SA campaign on as political foes face-off

·2-min read

South Australia's political leaders have faced off in a debate, Premier Steven Marshall spruiking his government's record and Opposition Leader Peter Malinauskas calling for a major rebuilding of the state economy.

In an event marking one year until he next state election, both leaders touted SA's response to the coronavirus pandemic, praising the leadership and sacrifices by everyone across the community.

Mr Marshall said as South Australia emerged from the spectre of COVID-19, the state was at a "pivot point" with growing job opportunities and developing industry sectors.

"We are now the safest state in the safest continent and this is going to bring more investment into South Australia," he said.

"There are those who want to talk down this state but from my perspective, I've never felt more optimistic about the future."

But Mr Malinauskas said under the Liberal government, SA was grappling with increased debt, a crisis in health care and the worst unemployment rate in the country.

He said it was incumbent on the next government not to just take South Australia back to where it was before the pandemic struck, but to where it could be.

"An open, progressive and inclusive society with an expanding and increasingly affluent middle class that underpins a strong economy," he said.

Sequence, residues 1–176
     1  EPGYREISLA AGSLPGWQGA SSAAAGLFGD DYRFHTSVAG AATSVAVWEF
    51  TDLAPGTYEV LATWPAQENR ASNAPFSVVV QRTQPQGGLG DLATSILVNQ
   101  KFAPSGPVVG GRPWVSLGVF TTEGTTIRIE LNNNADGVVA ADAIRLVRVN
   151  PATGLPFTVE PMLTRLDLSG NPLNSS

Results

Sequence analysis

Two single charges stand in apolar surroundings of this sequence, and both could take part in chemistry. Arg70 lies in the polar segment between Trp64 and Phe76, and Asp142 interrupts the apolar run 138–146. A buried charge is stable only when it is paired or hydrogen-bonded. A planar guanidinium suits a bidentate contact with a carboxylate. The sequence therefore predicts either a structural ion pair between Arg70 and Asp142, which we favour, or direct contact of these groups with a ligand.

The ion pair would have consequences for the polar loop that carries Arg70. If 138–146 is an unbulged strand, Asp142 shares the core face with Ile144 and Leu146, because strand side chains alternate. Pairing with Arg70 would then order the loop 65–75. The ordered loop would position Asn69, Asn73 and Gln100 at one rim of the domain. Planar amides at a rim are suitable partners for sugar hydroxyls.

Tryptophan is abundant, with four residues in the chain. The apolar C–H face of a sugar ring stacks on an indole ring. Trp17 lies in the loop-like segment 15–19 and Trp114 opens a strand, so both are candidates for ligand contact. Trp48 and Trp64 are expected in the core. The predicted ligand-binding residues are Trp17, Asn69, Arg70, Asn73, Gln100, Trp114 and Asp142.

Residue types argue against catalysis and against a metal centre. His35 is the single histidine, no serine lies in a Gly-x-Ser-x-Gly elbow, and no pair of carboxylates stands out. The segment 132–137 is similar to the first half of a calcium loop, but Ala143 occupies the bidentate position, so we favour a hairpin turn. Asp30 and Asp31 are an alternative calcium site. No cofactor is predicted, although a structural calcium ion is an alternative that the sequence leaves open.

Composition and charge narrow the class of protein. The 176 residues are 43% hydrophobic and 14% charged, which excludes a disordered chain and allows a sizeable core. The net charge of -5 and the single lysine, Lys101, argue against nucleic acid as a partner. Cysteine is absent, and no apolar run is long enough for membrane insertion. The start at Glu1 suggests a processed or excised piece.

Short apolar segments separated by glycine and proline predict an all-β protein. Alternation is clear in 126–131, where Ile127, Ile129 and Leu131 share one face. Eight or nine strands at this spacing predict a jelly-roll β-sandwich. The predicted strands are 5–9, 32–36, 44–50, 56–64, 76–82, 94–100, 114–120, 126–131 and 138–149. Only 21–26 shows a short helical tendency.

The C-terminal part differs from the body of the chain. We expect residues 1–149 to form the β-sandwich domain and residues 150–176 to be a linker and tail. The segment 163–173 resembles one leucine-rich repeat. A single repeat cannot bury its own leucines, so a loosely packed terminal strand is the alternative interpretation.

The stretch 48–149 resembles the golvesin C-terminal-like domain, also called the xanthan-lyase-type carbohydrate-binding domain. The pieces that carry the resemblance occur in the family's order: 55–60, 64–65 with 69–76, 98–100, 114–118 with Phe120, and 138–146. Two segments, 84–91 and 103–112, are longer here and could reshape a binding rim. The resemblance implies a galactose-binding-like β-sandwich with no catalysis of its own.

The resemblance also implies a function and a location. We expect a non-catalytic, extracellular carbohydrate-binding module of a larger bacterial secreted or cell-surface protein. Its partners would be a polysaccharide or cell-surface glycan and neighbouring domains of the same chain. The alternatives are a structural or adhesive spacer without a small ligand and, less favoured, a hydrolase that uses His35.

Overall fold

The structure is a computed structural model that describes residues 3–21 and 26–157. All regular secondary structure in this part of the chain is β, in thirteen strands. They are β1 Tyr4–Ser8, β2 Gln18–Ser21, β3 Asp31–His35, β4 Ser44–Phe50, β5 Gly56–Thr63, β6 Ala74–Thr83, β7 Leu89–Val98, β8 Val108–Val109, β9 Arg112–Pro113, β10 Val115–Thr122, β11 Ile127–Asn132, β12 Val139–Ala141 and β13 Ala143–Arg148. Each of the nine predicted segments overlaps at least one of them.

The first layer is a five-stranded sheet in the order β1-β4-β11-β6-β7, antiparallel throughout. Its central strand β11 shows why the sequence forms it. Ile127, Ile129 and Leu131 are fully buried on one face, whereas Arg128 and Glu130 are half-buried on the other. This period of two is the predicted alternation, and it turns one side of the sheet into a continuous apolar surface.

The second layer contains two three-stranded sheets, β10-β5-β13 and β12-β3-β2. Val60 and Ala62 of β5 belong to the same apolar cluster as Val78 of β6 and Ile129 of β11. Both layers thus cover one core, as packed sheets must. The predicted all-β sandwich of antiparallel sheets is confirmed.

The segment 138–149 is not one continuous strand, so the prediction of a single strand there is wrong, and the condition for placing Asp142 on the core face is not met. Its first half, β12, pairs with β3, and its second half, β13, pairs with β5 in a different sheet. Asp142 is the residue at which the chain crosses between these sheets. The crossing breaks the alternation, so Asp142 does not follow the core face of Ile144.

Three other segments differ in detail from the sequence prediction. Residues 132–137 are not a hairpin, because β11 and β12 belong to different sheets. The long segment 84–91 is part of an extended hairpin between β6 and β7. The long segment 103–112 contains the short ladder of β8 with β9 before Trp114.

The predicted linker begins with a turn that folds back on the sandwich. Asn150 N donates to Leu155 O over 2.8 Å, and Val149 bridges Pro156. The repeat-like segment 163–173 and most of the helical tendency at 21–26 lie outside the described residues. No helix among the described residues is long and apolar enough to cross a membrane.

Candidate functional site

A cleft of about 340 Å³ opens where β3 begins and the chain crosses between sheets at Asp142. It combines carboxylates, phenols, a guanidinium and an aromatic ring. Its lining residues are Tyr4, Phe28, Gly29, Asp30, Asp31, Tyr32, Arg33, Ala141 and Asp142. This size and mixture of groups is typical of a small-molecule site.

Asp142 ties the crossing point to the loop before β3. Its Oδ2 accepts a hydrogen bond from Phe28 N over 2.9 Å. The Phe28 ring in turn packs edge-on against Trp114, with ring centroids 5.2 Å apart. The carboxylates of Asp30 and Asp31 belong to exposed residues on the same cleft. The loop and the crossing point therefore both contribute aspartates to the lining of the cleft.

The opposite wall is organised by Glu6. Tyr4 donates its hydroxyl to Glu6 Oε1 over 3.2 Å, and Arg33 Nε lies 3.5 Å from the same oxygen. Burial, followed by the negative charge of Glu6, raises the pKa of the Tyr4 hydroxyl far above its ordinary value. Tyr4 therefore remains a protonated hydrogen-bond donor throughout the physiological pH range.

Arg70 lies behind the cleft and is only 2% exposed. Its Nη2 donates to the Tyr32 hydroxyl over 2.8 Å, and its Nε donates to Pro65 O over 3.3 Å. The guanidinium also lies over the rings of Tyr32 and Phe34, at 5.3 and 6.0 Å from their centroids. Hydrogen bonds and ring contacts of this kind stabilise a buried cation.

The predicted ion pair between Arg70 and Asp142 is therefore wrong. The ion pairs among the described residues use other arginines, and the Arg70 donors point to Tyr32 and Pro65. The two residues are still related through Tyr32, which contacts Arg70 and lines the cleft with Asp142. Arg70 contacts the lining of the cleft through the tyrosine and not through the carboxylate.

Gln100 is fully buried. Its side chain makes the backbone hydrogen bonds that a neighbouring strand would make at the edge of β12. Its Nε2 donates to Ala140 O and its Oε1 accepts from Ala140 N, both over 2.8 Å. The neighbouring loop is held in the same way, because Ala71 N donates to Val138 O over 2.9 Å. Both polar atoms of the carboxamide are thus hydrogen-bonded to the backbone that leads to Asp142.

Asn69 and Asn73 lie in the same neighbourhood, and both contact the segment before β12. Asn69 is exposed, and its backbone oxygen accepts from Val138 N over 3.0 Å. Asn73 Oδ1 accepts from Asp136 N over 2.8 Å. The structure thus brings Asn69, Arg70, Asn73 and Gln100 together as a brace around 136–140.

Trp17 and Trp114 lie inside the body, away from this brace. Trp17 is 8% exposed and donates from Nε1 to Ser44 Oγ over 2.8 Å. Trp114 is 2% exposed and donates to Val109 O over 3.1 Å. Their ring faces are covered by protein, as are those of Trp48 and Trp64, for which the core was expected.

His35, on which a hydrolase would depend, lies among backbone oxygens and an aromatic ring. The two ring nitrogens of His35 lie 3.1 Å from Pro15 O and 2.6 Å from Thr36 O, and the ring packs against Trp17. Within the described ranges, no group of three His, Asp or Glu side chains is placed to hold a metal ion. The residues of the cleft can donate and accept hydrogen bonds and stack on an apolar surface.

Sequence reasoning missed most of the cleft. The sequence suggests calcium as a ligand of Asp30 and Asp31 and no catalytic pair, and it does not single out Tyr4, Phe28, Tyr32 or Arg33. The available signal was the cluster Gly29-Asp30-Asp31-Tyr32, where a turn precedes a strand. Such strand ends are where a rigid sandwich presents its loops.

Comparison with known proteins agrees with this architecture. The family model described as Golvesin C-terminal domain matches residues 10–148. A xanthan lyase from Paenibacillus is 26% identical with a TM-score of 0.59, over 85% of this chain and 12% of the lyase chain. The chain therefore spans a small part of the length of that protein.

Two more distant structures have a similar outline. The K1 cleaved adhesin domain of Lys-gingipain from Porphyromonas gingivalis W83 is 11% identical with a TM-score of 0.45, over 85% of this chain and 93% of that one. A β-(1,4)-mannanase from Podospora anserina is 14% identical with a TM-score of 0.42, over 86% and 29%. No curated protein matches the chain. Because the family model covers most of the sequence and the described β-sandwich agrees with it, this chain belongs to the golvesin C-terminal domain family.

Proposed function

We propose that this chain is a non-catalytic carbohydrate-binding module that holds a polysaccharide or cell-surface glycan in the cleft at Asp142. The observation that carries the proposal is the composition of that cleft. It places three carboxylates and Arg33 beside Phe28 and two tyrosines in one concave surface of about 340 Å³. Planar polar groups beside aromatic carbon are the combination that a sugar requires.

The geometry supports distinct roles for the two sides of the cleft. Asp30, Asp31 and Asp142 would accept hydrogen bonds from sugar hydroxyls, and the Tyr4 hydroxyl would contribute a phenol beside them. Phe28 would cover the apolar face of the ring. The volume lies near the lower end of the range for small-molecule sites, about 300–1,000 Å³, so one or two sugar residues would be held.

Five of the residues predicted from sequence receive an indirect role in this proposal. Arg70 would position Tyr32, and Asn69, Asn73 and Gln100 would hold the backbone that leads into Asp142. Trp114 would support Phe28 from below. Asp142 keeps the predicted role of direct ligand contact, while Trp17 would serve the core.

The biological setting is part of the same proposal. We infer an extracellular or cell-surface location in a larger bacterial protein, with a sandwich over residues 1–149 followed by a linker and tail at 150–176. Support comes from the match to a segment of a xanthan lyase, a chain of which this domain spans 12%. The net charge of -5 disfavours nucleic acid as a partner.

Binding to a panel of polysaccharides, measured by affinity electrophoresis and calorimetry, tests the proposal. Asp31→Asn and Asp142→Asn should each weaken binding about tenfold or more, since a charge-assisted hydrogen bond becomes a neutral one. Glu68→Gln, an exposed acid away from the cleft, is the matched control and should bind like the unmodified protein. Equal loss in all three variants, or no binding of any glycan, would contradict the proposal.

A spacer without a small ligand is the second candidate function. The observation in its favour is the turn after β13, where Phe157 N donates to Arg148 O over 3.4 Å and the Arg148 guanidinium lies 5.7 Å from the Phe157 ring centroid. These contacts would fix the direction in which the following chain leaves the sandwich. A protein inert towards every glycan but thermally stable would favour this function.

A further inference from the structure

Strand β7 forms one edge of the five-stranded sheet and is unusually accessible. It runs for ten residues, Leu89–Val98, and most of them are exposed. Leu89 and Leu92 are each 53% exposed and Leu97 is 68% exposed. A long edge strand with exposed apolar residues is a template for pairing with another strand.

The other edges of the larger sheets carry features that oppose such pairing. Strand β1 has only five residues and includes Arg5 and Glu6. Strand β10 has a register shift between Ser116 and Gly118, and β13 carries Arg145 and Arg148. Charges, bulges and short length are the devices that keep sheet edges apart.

"The decisions that are made in the next term of government are the ones that are going to set us up for the 2030s."

With the unofficial election campaign underway, both leaders recently announced major promises.

The government is proposing to build a new city sports and entertainment stadium at a cost of $700 million, and Labor a new hydrogen power plant at a cost of $590 million.

Mr Marshall said the stadium would help create jobs and would bring a new vibrancy to the city centre.

Mr Malinauskas said Labor's proposal was vital to drive down energy prices and ensure grid security.

Both leaders said they expected to win in March next year, dodging questions about what they would do if they lost.

Mr Marshall said any leader who didn't think he would win was "probably not going to do very well", as evidenced in the recent Western Australian election.

Mr Malinauskas pointed to his "fresh and united team".

"We're excited about what the future holds," he said.

Six marginal seats are likely to determine the outcome of the election, with four of them currently held by the government.

The ALP has also been bolstered by the most recent redistribution of electoral boundaries, which has shifted some seats nominally into Labor territory.